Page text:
Today, we’re focusing on acting with the greater good in mind. Great leaders always act for the greater good and that greater good is your organization’s vision. Not your vision, your organization’s vision. That creates the context for how your decisions and your actions support the greater good.
I’d like to share a story with you about two great leaders: George Halas and Curly Lambeau. Now, in the early days of the National Football League, George Halas was sitting on the Rules Committee of the League. The Packer organization, specifically Curly Lambeau, was found in violation of the rules. Now, George Halas had a great opportunity to eliminate a rival, but he didn’t do that. He fought for the greater good of the League to get the Packer organization, specifically Curly, reinstated. A few years later the Packer organization returned that favor to the Bears by giving George Halas a loan so he could me his payroll.
Here’s an example of two individuals who were fierce rivals, but put the needs of the total organization ahead of the needs of their own specific teams. That’s what we’re talking about when we’re talking about the greater good. Think about how this applies to you. Your decisions and your actions must always support the greater good. When you’re delivering a message keep in mind the words of Warren Bennis who said, “A leader doesn’t just get the message across, a leader is the message.” Sometimes as a leader, you must make tough decisions. There’s no way around it. Leaders must decide. And, as my friend Greg Cleary would say, “The roads of the world are paved with dead squirrels who couldn’t decide.”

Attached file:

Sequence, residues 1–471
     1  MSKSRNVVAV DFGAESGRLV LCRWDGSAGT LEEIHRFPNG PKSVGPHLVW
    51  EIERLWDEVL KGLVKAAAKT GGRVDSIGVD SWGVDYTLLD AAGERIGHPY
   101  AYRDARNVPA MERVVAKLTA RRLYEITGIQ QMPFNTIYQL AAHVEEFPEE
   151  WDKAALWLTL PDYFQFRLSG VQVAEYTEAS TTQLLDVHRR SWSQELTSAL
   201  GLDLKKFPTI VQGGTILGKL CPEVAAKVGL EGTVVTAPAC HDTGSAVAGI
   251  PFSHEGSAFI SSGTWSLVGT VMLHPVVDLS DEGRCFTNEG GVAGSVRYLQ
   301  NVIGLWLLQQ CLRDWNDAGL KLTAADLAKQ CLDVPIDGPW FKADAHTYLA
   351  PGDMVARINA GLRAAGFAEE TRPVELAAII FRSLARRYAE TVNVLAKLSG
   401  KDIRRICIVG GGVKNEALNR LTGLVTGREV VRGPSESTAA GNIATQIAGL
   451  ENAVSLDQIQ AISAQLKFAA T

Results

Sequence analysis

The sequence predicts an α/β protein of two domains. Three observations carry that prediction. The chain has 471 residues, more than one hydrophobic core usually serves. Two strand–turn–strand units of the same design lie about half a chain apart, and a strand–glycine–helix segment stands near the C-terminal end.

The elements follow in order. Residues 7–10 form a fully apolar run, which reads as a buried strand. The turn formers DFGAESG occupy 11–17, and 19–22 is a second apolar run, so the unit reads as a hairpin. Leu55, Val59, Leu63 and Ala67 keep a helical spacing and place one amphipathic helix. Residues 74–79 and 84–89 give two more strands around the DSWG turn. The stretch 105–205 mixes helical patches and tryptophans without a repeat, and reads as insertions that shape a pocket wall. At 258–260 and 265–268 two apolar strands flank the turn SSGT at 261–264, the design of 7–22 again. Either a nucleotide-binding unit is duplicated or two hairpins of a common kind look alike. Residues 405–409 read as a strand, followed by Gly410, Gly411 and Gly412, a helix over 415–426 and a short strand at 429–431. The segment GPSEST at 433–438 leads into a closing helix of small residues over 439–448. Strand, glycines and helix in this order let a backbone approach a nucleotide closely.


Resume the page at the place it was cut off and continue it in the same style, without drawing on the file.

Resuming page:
Sometimes as a leader, you worry about how your employees are going to react to decisions that you make. Well, those decisions are a lot easier to make when you’ve built trust and confidence in your employees so they know that no matter what the decision is, you’re making it for the greater good of the entire organization. Now, people decisions are the toughest ones. Think about how this relates to you. If you have people reporting to you who really don’t get it, want or have the capacity to do it, are you really acting for the greater good of the organization? Or, are you keeping people around because you like them or because you just want to ignore the problem?